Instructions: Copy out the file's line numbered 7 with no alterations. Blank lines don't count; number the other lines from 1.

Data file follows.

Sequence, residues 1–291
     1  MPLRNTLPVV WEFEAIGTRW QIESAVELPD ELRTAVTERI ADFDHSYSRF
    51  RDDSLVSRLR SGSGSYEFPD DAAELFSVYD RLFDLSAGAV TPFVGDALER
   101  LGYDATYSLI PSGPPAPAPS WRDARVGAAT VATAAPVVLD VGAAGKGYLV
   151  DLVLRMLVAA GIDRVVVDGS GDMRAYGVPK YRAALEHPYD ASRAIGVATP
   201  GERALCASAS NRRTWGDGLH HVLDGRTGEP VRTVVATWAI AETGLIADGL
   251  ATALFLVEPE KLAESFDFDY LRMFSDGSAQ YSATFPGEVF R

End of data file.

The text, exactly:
   251  ATALFLVEPE KLAESFDFDY LRMFSDGSAQ YSATFPGEVF R